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Auction: 24001 - Orders, Decorations and Medals
Lot: 353

The mounted V.C., D.S.O. group of five miniature dress medals worn by Captain E. K. Myles, Worcestershire Regiment, who won his outstanding award at Sanna-i-Yat in April 1916, before being recommended for a Second Award Bar; at that time no precedent existed for two V.C.'s for one conflict and thus he added a D.S.O. to his laurels

Victoria Cross, a good example; Distinguished Service Order, G.V.R., silver-gilt and enamel; 1914-15 Star; British War and Victory Medals, with M.I.D. oak leaves, mounted court-style as worn, good very fine (5)

V.C. London Gazette 26 September 1916:

'For most conspicuous bravery. He went out alone on several occasions in front of our advance trenches, and, under heavy rifle fire and at great personal risk, assisted wounded men lying in the open. On one occasion he carried in a wounded officer to a place of safety under circumstances of great danger.'

D.S.O. London Gazette 26 April 1917:

'For conspicuous gallantry and devotion to duty. When all the officers except two had become casualties, he, for five hours, inspired confidence in the defence against two counter-attacks, and sent back most accurate and valuable reports of the situation. His courage and fine example were largely responsible for the steadiness of all ranks with him.'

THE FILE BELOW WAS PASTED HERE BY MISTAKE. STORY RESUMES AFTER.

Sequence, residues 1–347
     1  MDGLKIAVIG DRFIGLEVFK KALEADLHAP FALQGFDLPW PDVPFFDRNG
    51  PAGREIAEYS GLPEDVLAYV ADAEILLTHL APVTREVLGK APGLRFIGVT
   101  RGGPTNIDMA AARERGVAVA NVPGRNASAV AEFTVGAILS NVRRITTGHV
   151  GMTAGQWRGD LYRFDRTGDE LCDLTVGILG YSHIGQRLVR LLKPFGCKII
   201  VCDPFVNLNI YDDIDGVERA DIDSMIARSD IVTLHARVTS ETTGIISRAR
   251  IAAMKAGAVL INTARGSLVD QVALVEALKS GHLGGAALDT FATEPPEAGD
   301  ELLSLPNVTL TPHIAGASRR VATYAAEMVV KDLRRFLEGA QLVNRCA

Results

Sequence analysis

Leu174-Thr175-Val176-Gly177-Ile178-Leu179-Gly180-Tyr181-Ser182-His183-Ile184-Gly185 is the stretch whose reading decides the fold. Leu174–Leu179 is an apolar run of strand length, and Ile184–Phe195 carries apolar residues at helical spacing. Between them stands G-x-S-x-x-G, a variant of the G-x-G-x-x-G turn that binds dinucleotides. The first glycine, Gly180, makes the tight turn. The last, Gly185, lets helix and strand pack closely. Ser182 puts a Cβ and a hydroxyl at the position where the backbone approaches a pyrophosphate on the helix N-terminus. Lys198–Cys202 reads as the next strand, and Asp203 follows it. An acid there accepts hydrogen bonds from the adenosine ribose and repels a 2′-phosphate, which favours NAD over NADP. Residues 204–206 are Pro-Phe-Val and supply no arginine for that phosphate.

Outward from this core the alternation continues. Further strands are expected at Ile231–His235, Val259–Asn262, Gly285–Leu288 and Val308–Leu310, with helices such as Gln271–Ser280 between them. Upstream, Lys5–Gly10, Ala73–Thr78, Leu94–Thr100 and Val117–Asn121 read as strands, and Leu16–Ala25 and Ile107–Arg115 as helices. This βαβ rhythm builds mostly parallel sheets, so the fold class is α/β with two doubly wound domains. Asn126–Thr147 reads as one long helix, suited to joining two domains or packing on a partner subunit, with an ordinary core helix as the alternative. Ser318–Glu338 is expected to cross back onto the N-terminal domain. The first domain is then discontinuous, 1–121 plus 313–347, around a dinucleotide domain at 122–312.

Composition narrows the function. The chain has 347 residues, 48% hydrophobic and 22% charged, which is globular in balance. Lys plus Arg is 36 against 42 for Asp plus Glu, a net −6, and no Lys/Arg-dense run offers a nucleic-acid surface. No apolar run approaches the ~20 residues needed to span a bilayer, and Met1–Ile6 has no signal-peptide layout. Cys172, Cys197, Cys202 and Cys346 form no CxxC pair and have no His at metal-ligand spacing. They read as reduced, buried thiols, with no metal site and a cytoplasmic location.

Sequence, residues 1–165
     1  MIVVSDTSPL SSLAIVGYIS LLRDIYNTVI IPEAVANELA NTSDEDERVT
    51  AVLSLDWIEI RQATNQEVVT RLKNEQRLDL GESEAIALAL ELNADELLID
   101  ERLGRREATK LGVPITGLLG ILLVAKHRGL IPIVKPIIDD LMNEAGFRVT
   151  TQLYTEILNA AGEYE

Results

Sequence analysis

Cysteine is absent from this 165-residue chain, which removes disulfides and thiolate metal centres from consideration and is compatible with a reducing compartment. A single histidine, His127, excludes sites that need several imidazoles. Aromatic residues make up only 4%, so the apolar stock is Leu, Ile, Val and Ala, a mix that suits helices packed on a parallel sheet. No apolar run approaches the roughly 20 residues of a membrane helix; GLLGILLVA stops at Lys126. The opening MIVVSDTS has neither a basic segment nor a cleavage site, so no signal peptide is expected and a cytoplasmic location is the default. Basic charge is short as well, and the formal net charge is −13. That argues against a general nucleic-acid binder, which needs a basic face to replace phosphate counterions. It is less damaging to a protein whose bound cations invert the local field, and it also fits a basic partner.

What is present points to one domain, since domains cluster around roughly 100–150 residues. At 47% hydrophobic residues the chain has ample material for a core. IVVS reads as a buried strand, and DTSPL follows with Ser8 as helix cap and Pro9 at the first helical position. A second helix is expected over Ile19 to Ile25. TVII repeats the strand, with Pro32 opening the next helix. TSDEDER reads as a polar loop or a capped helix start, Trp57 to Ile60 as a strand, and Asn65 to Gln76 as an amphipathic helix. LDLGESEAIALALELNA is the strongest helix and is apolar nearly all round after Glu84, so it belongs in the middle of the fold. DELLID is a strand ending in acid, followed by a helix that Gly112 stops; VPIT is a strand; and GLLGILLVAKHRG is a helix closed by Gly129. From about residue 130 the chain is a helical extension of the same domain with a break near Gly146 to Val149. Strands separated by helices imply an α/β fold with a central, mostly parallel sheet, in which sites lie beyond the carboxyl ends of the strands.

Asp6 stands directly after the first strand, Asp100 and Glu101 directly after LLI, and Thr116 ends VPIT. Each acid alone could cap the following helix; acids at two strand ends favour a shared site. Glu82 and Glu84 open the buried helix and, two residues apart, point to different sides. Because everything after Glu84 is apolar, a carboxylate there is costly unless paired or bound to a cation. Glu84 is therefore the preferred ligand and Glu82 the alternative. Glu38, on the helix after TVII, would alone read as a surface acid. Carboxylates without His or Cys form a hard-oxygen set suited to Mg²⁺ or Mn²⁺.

Edgar Kinghorn Myles was born at East Ham in July 1894 and as a boy his family moved to Wanstead. Having been educated at East Ham Technical College, Myles joined the Port of London Authority as a Clerk. With the outbreak of the Great War he enlisted in the Worcestershire Regiment in August 1914. Quickly singled out, he was commissioned 2nd Lieutenant and served on Gallipoli from August 1915-January 1916. Transferred to Mesopotamia in March 1916, he was to serve in that theatre until April 1918.

It was during that campaign which he carved his name into history, being twice wounded in action and playing a prominent role in the attempted Relief of Kut. It was at Sanni-I-Yat on 9 April 1916 that he earned his Victoria Cross and little under a year later, on 25 January 1917 that his second decoration came. It is interesting to note, that for his gallantry at Kut-al-Amara, in what was eventually promulgated as a D.S.O., that Myles was put forward for a Bar to his Victoria Cross. At that time only Martin-Leake, who won his first award in the Boer War and the Bar to the V.C. at Zonnebeke in 1914 held the 'double-V.C.'. No precedent for two awards during the same conflict existed and thus Lieutenant-General Sir S. Maud approved the Distinguished Service Order.

Myles was promoted Captain in 1917, was presented his V.C. on 4 September 1918 by King George V and remained in the Army until 1928, thus he would have worn this group of miniature dress Medals on scores of occasions. Little is known of his later life, as Myles faded into obscurity and was at some time found living destitute in a converted railway carriage with just his dog as a companion. He was admitted to the Huntley Royal British Legion Home in Bishopsteighton, attended various Receptions for holders of the V.C. & G.C. in his final years and died on 31 January 1977.

Sold together with Buckingham Palace Programme for a V.C./G.C. Reception, 21 May 1974, together with two Invitations for similar events and a postcard with his image upon the front, the back inscribed:

'This must have slipped out of one of the 'for autograph' letters but can't trace which. Obviously a cutting from an Indian newspaper in 1916. Quite a reminder of myself & the event!'

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